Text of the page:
I also believe that you should challenge yourself with each new book. Take on different and varied subjects. Do not allow yourself to fall into the trap of writing things to a formula. Someone once said to me that there were two types of novels. There were those that you read simply because some mystery was created and you had to find out what happened. The second kind of novel was one where you read the book simply for the language itself, the way the author used words, the atmosphere and description. I think that the truly great books are the ones that accomplish both. A classic, for me, is a book that presents you with narrative so compelling you can’t read it fast enough, and yet written so beautifully you can’t read it slowly enough. I think any author wants to write great novels. I don’t think anyone – in their heart of hearts – writes because it’s a sensible choice of profession, or for financial gain. I certainly don’t! I just love to write, and that love, that passion, has been there since my early twenties. First a reader, then a writer. And the range of subjects and issues and cultural differences inherent in the US draws me to it completely.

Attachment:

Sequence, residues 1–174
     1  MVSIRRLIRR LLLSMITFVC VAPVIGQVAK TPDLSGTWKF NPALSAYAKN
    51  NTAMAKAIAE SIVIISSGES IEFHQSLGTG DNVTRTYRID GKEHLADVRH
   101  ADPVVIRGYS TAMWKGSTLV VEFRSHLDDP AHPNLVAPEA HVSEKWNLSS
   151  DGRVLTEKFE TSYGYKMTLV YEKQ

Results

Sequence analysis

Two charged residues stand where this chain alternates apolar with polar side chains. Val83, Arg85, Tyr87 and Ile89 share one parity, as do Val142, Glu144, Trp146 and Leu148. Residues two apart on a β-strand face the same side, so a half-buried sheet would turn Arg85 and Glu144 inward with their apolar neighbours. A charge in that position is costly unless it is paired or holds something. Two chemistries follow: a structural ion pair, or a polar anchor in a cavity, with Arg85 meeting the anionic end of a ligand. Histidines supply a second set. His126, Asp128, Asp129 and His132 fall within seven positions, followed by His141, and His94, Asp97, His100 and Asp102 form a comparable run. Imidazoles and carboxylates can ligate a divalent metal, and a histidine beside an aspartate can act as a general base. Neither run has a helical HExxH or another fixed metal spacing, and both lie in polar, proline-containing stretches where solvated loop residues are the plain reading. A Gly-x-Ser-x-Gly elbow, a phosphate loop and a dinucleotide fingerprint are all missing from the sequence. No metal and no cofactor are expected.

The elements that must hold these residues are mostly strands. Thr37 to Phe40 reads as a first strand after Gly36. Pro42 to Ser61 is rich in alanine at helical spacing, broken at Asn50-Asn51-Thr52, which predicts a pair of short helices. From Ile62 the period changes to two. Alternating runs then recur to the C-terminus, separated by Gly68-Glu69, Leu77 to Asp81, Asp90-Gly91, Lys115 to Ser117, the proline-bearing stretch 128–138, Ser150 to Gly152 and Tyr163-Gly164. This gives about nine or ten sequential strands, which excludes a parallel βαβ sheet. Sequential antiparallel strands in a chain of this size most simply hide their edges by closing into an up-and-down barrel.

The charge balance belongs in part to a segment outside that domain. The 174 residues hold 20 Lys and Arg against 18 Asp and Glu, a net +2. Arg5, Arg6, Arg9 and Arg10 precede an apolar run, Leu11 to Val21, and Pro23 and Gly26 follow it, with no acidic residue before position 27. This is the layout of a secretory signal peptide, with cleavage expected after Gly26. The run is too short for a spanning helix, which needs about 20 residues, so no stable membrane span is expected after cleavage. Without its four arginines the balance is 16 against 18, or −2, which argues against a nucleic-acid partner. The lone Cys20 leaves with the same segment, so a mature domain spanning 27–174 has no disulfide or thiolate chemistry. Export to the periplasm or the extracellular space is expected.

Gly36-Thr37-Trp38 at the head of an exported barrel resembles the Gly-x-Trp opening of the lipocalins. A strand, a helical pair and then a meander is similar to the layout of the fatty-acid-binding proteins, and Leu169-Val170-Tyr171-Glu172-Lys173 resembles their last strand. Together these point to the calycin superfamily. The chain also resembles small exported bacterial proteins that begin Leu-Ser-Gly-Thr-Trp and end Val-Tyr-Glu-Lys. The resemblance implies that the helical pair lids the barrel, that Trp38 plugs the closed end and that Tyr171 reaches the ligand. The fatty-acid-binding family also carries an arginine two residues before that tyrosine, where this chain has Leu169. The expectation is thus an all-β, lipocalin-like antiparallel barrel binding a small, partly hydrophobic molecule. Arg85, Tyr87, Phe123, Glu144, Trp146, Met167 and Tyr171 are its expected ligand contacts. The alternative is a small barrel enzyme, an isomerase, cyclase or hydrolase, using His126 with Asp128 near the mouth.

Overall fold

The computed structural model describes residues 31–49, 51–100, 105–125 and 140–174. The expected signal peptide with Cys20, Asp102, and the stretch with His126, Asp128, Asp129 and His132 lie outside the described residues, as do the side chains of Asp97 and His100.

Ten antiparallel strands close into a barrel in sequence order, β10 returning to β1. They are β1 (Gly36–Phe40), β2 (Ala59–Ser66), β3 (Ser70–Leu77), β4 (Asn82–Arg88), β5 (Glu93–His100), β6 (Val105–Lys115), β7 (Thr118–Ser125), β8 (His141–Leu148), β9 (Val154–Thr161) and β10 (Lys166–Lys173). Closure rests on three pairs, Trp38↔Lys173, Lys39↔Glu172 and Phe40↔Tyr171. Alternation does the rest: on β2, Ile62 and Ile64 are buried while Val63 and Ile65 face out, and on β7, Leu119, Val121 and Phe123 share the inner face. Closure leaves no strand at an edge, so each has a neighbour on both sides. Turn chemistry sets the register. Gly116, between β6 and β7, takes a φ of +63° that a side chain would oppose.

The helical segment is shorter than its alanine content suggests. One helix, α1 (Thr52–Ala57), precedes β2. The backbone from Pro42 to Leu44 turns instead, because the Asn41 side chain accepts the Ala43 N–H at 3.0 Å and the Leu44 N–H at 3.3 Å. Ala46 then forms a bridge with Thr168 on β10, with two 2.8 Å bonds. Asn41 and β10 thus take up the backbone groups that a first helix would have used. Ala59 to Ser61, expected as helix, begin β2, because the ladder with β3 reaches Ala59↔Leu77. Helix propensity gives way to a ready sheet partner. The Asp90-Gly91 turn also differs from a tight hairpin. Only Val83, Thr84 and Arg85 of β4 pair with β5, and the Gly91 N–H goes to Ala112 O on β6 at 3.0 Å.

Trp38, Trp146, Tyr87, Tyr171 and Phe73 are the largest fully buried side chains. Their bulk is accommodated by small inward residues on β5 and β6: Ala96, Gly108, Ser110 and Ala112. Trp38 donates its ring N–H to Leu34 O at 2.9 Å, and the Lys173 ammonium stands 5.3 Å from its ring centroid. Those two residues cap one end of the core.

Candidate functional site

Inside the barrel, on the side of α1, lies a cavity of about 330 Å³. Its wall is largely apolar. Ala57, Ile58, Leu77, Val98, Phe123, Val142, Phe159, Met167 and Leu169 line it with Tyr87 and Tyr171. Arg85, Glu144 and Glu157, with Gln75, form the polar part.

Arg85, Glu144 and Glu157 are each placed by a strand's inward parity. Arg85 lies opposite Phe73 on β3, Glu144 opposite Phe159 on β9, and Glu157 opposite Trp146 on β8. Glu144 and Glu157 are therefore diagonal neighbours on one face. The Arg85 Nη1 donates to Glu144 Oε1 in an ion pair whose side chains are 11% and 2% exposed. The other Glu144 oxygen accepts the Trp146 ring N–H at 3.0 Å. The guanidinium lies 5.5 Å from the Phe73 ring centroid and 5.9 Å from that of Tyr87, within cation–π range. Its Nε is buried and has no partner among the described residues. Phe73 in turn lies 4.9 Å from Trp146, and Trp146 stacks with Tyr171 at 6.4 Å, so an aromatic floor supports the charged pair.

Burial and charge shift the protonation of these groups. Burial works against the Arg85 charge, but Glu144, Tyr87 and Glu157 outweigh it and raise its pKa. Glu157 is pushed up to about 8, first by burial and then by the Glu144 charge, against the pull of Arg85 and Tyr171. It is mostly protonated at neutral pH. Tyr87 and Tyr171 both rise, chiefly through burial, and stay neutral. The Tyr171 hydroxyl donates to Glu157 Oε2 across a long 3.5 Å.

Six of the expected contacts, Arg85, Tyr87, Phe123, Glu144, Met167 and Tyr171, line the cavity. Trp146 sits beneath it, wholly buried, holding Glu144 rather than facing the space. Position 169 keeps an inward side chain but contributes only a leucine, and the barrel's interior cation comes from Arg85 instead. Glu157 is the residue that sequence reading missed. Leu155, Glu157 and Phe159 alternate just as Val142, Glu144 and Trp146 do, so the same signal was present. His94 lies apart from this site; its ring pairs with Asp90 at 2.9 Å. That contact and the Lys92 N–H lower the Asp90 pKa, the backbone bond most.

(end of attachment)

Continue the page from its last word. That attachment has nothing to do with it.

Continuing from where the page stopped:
MP: Many times you use the concept of a story within a story. While at first look it seems limiting, how is it freeing for you?
RJ: Well, the last thing I would ever wish to do is write a series of novels about the same characters. That seems to me to be the most claustrophobic and limiting thing of all. I can write a historical saga, a romance, a political conspiracy, a serial killer story, anything I like, and all within the framework of a crime novel. To write a story within a story just gives me endless scope to write about whatever interests me, and I have often found that if you write about those things that fascinate you, you tend to find that others are fascinated. I think your enthusiasm for the subject matter comes through in your prose. I consider that the very worst novel you could write is the one that you believe others will enjoy, whereas the best novel you could write is the one that you yourself believe you would enjoy reading.
MP: What sets you apart from many of today’s current crime fiction writers is that you offer a deep, believable sense of hope about life and humanity, no matter how dark the tale. As somebody who survived a pretty rough early life, is this something you feel necessary to convey?